They never get it together. They buy samovars and matroshka dolls, but separately.
They make an attempt to go to the Puskin Museum but it is closed on Mondays, and, of course, it happens to be Monday.
Vladimir has a mild dose of man-flu and goes to hospital, but is told to take an aspirin and stop fussing. Olga loses her handbag and is locked out of her room.
The pair of them go to supper with another colleague where they partake of three bread rolls, a half kilo of cheese, tomatoes and three bottles of beer.

One wonders about the quality of the conference as well.
I expect things are different in Kazakhstan.


marigold jam said...

How exciting and adventurous. Beats having a son who works in Dagenham or Birmingham or wherever when it comes to visiting! I do hope that you will attract some interesting people with your sketch pad. I found when visiting Turkey that language wasn't always necessary to get the feeling of friendship with the Turkish ladies so maybe you will find the same. Have a wonderful time and we will look forward to hearing all about it on your return.


marigold jam said...

PS No offence intended to the good people of Dagenham or Birmingham they were the first towns to come to mind for some reason.


Jane said...

I should hope the eating opportunities will bring something more exciting than cheese rolls and omeletes, and you won't need to have the vocabulary to visit the hospital!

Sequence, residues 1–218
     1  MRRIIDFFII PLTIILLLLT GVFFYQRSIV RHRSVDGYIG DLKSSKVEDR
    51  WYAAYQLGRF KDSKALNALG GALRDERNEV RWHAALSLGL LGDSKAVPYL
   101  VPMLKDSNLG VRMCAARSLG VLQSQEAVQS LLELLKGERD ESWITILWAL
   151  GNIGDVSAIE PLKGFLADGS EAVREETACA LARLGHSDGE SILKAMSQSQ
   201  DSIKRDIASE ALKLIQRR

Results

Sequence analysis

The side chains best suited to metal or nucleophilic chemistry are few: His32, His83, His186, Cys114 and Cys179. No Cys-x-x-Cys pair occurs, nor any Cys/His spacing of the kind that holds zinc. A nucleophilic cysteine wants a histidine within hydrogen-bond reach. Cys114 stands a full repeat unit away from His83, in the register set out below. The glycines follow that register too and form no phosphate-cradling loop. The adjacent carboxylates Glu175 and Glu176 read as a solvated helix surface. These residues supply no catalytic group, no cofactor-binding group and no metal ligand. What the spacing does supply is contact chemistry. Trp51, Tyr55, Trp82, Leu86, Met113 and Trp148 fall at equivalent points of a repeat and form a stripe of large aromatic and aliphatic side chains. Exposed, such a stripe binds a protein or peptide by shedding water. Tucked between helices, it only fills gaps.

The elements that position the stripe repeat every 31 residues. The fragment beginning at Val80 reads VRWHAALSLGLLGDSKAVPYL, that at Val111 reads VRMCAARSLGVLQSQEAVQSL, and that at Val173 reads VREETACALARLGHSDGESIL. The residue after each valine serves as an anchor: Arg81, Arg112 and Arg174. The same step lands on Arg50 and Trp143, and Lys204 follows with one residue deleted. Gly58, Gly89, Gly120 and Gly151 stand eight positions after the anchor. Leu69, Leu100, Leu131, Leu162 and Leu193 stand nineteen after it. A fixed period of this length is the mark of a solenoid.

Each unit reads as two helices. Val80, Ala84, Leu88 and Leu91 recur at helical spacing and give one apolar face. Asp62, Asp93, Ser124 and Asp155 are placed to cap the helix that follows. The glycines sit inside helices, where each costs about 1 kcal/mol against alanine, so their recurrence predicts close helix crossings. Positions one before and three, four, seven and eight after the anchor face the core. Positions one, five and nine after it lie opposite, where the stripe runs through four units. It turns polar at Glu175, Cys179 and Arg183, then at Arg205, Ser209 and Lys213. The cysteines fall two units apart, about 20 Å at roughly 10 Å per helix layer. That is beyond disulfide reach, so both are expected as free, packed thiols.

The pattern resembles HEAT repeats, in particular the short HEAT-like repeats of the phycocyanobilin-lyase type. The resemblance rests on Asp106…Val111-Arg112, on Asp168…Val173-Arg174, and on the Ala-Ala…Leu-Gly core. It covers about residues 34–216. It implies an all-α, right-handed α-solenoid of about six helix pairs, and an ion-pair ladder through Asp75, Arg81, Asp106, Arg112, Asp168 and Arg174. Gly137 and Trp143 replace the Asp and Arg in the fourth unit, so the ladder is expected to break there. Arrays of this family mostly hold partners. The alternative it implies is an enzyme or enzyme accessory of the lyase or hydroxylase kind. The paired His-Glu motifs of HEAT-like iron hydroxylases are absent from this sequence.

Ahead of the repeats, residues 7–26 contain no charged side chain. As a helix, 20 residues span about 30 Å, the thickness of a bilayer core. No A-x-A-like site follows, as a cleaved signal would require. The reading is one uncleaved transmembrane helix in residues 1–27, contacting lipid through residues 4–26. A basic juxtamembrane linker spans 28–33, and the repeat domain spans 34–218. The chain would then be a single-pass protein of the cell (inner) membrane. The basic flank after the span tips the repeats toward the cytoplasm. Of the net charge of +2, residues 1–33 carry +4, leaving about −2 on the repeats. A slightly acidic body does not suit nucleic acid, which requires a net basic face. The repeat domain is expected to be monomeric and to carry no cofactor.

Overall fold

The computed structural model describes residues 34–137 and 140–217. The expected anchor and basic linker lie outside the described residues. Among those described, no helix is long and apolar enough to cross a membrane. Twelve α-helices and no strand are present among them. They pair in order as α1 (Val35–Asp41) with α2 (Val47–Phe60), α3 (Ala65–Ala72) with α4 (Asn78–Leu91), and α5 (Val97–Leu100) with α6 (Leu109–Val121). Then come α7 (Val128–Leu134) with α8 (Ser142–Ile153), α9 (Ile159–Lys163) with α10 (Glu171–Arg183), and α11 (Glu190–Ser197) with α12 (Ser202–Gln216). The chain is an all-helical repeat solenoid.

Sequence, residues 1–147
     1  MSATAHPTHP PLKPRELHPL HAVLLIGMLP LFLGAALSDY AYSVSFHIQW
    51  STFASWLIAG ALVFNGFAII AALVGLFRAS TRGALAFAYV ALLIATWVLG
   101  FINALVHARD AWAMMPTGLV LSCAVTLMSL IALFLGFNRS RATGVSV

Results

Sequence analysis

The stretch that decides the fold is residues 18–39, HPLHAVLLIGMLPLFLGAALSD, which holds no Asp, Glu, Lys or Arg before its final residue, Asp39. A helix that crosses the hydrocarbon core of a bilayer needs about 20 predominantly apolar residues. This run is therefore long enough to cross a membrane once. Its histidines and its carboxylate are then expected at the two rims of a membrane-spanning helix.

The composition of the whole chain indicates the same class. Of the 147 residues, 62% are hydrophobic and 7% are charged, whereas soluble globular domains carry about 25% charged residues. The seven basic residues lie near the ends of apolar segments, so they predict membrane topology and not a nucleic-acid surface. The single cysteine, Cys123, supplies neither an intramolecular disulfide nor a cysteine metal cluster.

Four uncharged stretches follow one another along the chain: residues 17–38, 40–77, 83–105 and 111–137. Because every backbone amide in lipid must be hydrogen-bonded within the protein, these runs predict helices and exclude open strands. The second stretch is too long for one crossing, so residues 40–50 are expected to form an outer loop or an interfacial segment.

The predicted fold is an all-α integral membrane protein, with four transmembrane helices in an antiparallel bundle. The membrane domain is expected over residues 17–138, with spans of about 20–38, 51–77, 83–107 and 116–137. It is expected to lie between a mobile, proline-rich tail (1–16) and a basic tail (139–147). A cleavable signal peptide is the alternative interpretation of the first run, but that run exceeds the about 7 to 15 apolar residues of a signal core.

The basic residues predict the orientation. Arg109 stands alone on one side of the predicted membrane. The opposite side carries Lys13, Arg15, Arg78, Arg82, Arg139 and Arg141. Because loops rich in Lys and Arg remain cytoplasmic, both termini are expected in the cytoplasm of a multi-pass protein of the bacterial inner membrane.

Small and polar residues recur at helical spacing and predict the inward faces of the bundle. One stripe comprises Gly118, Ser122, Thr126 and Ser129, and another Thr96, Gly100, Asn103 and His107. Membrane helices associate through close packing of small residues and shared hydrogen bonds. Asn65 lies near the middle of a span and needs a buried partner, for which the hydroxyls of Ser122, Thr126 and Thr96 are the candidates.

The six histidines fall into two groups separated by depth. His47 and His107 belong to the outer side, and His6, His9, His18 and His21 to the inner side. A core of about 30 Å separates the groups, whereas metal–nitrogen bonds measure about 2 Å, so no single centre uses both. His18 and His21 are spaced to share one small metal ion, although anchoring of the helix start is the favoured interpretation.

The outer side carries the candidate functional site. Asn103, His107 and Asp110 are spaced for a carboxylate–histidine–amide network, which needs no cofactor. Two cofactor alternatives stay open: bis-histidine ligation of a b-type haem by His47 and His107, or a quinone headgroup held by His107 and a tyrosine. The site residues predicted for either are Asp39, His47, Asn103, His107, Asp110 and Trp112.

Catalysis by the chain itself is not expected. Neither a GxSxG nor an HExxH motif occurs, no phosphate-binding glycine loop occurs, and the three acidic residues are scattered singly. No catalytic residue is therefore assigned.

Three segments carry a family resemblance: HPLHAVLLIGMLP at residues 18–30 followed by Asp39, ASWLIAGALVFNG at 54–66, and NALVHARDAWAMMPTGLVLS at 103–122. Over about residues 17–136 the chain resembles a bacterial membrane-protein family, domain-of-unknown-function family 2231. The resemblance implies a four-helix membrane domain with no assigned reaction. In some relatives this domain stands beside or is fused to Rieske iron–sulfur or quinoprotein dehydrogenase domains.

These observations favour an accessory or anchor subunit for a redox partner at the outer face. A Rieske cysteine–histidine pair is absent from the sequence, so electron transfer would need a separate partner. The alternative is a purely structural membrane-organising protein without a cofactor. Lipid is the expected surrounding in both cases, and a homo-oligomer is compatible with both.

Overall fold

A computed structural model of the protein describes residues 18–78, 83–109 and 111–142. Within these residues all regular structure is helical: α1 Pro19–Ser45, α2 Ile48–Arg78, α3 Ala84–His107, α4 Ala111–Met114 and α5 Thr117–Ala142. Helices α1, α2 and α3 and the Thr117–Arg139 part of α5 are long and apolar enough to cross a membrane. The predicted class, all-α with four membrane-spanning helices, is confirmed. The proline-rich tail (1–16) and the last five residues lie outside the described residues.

Relatively Retiring said...

Marigold Jam: I'm glad you got that in about Birmingham and Dagenham!
Thank you for the good wishes.

Jane: best to be prepared, I think,and I have to go where Olga is leading! I've got a feeling that I'll have cooking opportunities too, but Olga only seems to shout at people in restaurants.

Zhoen said...

Maybe in Russia, it's polite to shout at waiters? Probably not in Kazakhstan.

You could take a camera, one of the digital ones with a largish display - another way to communicate without the same language.

Have you seen The Long Way Round?

den said...

I wonder if you will be able to see more stars?
What an adventure enjoy.

pohanginapete said...

Any place prefixed with the word "remote" gets me interested. I guess I should add Kazakhstan high enough on the list so I make it while my cousin's still there :^)